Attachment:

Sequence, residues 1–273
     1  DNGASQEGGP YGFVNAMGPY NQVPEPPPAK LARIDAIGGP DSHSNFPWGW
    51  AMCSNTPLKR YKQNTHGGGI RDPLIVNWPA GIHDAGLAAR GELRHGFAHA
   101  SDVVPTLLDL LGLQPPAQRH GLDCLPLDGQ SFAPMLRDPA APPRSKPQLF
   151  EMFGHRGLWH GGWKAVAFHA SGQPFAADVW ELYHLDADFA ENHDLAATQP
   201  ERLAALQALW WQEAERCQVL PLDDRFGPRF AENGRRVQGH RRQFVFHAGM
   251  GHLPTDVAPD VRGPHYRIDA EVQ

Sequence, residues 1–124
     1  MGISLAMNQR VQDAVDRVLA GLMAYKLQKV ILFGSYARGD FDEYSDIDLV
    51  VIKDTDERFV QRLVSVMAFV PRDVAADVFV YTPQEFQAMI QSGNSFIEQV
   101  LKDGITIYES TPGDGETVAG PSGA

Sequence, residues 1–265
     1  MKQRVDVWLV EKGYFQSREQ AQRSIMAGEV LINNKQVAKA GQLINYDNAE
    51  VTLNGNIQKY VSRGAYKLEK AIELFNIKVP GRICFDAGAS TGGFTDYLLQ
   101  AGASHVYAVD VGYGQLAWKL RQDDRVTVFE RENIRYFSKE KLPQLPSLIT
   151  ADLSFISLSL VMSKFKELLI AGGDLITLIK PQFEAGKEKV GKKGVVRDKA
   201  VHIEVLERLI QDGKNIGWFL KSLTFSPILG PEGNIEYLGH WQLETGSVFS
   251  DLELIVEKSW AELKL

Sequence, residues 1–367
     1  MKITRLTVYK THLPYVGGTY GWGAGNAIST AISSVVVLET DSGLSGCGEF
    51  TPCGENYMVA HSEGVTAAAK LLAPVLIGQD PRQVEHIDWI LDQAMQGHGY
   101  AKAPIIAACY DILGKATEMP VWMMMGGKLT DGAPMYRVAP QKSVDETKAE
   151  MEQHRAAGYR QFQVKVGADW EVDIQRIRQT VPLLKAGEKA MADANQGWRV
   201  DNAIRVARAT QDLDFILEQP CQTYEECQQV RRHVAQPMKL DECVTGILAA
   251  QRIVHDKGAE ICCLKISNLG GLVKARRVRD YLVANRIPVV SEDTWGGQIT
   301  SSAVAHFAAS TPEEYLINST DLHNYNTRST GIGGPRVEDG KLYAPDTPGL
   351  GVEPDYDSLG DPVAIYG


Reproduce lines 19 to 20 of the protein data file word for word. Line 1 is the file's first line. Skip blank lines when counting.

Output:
Sequence, residues 1–367
     1  MKITRLTVYK THLPYVGGTY GWGAGNAIST AISSVVVLET DSGLSGCGEF